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        1. At least for me, part of it is this idea of obligation or being bound in some way. Part of why I like the non-partnered relationship I have with my friends is that it’s not particularly rigid. If I want to hang out with someone more or less often, I can kind of just. Do that. And that freedom is really important to me because my squishes and general closeness with friends can ebb and flow in mysterious ways. (Of course, it’s a double-edged sword in that my friends can also ebb away from me, particularly if they acquire partners of their own, but I digress.) So when you add back in having “state of the relationship” conversations, it feels kind of like a loss of some of that freedom? Which is a weird reaction for me to have, considering that I like talking with my friends and having deep conversations and knowing how they feel, but I guess it just has to be in the context of a non-partnered relationship?

          How can people approach “state of the relationship” conversations with friends without triggering that aversion?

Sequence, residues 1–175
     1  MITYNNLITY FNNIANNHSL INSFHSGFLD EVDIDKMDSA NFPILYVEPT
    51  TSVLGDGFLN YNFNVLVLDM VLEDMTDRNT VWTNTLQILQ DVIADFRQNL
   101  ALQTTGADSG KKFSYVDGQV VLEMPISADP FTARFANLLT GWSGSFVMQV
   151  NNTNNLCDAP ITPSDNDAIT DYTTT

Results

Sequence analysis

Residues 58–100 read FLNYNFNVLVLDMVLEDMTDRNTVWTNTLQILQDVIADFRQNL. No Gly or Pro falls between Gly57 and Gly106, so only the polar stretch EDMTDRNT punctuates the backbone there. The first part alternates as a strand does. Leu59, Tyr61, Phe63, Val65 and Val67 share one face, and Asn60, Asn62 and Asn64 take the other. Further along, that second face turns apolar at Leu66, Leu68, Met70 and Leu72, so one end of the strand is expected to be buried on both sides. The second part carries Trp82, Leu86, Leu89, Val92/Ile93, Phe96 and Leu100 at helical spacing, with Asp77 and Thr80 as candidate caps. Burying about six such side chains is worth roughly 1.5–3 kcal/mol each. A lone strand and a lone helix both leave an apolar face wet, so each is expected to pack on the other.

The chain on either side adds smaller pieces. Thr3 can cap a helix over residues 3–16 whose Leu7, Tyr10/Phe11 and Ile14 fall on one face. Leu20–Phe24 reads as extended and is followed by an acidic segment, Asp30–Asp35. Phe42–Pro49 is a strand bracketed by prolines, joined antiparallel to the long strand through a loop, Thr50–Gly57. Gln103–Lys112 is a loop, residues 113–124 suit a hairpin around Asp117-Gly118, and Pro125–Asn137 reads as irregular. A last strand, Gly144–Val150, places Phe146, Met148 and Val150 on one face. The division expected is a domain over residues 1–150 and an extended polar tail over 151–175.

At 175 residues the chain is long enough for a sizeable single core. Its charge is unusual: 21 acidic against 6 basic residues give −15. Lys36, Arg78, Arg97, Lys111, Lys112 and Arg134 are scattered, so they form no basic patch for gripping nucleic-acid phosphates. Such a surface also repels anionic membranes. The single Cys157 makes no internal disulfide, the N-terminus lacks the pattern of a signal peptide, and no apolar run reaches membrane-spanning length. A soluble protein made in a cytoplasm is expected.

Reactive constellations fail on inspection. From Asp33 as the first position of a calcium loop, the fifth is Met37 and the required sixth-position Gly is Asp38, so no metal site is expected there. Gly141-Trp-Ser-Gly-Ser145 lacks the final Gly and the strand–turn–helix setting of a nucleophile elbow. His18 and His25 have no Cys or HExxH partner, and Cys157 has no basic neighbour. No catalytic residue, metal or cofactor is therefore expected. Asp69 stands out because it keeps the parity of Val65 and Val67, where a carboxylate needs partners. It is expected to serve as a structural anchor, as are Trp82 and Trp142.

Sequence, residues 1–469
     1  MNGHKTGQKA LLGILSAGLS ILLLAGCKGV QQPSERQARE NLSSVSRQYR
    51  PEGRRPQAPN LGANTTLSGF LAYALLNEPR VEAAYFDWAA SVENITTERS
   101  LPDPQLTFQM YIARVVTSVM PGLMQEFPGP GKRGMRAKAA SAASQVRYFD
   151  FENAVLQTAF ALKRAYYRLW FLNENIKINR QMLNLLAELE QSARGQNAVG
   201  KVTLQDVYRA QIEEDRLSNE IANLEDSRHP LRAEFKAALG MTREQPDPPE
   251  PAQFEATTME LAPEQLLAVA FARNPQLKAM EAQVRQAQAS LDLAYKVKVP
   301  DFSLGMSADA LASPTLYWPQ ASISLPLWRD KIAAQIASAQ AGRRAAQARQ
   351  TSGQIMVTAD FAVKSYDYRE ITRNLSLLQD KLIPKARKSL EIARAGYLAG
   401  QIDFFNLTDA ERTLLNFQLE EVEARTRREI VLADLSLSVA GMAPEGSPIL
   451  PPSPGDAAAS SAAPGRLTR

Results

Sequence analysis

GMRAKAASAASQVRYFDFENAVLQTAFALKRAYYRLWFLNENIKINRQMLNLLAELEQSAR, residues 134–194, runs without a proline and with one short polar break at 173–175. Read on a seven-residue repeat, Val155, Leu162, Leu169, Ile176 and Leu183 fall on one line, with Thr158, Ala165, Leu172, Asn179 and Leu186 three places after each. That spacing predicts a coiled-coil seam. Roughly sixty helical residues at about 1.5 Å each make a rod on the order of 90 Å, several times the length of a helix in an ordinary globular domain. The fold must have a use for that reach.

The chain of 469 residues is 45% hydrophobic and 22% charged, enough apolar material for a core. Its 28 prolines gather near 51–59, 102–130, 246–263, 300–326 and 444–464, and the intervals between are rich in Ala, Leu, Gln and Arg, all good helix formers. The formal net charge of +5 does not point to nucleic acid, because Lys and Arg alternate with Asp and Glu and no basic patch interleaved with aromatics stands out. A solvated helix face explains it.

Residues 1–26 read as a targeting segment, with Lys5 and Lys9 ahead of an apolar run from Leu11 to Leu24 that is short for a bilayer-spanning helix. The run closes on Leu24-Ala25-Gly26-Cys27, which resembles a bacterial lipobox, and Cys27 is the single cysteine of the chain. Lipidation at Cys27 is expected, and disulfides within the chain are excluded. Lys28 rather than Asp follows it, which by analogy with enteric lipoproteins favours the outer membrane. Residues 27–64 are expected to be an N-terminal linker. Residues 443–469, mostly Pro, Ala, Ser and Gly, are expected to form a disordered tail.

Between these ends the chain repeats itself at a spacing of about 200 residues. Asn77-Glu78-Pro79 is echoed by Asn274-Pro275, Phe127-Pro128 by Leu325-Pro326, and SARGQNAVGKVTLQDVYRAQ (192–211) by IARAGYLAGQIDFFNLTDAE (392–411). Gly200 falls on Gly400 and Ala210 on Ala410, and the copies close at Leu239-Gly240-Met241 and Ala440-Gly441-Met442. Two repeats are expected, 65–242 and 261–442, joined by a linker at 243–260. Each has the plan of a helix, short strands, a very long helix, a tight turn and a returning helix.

so, uh, luck?

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  2. Reading your post, I wonder whether the American fraternal/sororal orders of circa 1900 would have been what you are looking for. Many people joined these organizations because they wanted some guarantee of being able to lean on others during hard times. Organizations such as the Freemasons, Odd Fellows, etc. required membership dues, and in exchange, members had access to social activities, and if a member died, the order would pay for their funeral and financially support their surviving dependants (and there were possibly other means of support offered when a member fell on hard times, it probably depended on the group and the situation). Most Chinese Americans around the year 1900 were members of a family association, regional association, or one of the other organizations run by and for Chinese immigrants and their descendants because it was essential to their survival in the United States at that time. The Chinese American organizations helped members find jobs and housing, and assisted them if they became sick (they still exist, but are not nearly as important to Chinese Americans as they were a century ago). I’ve read that the implementation of Social Security was one of the causes of the decline in these orders/organizations, because people felt less of a need to join an organization and pay dues in order to strengthen their safety net.

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    1. Hm. I think that I wouldn’t like the artificial/commercial nature of a group like that (since it sounds like the barrier to entry is an entrance fee and not whether you like the other members), but it does sound interesting.